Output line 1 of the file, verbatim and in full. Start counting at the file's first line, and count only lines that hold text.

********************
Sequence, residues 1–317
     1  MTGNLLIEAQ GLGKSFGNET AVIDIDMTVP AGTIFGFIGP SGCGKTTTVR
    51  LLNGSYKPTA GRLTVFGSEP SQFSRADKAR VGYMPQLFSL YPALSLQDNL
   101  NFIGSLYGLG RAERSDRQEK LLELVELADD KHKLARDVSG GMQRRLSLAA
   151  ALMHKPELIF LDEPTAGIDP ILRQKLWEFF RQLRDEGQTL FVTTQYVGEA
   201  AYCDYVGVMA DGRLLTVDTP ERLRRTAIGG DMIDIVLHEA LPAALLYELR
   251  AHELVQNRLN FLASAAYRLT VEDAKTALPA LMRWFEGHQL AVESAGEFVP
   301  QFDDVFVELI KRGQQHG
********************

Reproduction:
Sequence, residues 1–317